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Analyzing International Opportunities

Doing Global Business Presentation
by

David Timis

on 21 February 2014

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Transcript of Analyzing International Opportunities


AGENDA
Analyzing International Opportunities
by: Anton, Boris, David, Irina and Oana
1. Screening Potential Markets and Sites

2. Difficulties of Conducting Market Research

3. Sources of Secondary International Data

4. Methods of Primary Research
Difficulties of Conducting Market Research
Market Research
The collection and analysis of information used to assist managers in making informed decisions
Availability of Data
Comparability of Data
Cultural Problems
Screening Potential Markets and Sites
Identify Basic Appeal
Determining basic demand - is there a basic demand for our product?

Determining availability of resources – are resources critical to local business activity found in the national market? Can these resources be imported?

Assessing the National Business Environment
Measuring Market or Site Potential
Screening Process
There are inherent differences in how one conducts this depending on the type of market

The two types of markets are:
Industrialised markets
and Emerging Markets

Income Elasticity
Industrialised Markets
Emerging Markets
Sources of Secondary International Data
International Organizations
Industry and Trade Associations
Government Agencies
Service Organizations
Internet and WWW
Methods of Primary Research
Trade Shows and
Trade Missions
Surveys
Interviews and Focus Groups
Environmental Scanning
International Trade Statistics Yearbook

International Trade Centre

International Development Agencies
CIA: Central Intelligence Agency World Factbook
Why interview?

Reveal emotions, attitudes, cultural beliefs

Why focus groups?

Encourage free discussions

If the moderator is native can better detect body language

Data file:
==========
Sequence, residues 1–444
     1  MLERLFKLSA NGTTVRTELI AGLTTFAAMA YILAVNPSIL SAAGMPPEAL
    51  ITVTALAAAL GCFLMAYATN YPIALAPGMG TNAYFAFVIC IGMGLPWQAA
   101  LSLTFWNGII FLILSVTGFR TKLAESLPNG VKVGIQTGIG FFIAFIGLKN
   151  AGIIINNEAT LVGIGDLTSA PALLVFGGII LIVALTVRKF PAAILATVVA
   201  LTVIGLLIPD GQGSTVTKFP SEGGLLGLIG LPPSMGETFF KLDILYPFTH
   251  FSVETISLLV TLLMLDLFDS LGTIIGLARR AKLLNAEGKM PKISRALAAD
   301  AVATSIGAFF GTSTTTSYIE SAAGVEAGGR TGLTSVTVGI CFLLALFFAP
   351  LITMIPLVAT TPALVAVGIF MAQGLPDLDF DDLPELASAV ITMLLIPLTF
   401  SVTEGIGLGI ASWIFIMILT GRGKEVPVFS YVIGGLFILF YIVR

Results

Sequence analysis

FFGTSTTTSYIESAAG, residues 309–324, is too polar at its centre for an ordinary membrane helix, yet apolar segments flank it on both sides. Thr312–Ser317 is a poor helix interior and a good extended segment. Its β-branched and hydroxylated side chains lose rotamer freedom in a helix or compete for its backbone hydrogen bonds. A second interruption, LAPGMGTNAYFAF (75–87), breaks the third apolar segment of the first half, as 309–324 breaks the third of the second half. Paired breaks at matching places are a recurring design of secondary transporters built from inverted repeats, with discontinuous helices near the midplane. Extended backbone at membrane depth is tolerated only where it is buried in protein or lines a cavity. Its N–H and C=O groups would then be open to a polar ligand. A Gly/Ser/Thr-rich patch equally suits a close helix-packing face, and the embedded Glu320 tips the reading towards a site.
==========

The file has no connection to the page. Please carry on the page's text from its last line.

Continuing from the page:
Impact of culture

In many emerging and developing countries previously gathered information can be difficult to obtain
Even when market data is available, data must be interpreted with caution
Marketers conducting research in unfamiliar markets must explore how cultural variables influence information
censorship
misinterpretation
reliability
tips
OUT OF CLUTTER,
FIND SIMPLICITY,
FROM DISCORD,
FIND HARMONY,
IN THE MIDDLE OF
DIFFICULTY LIES
OPPORTUNITY

ALBERT EINSTEIN

1) CULTURE
- Cultural elements can influence what kinds of products are sold and how they are sold (e.g. Coca Cola in China)

2) POLITICAL AND LEGAL FORCES
- Restrictions on imports, exports and investment
Assessing the National Business Environment
3) GOVERNMENT BUREAUCRACY
Assessing the National Business Environment
4) POLITICAL STABILITY
5) ECONOMIC AND FINANCIAL FORCES
Assessing the National Business Environment
Poor fiscal & monetary policies

Currency and liquidity problems

Readily available information, examples:

Import/ export ratio of said product

Scrutinising local pricing trends


Final Steps
DIFFERENCES

Information not so readily available

Market potential indicator

Measuring site potential

SELECTION

Dozen or so candidates

Field Trips

Competitor analysis

IEoD = (% Change in Quantity Demanded)/(% Change in Income)

Normal Goods (IEoD>0)

Inferior Good (IEoD<0)

IEoD = (% Change in Quantity Demanded)/(% Change in Income)

Normal Goods (IEoD>0)

Inferior Good (IEoD<0)

The Trade Information Center ( TIC): US Department of Commerce

Eg: The Chilean Trade Commission,
Japanese External Trade Organization (JETRO)

Google
in
Staged Crying
Emerging Markets
Full transcript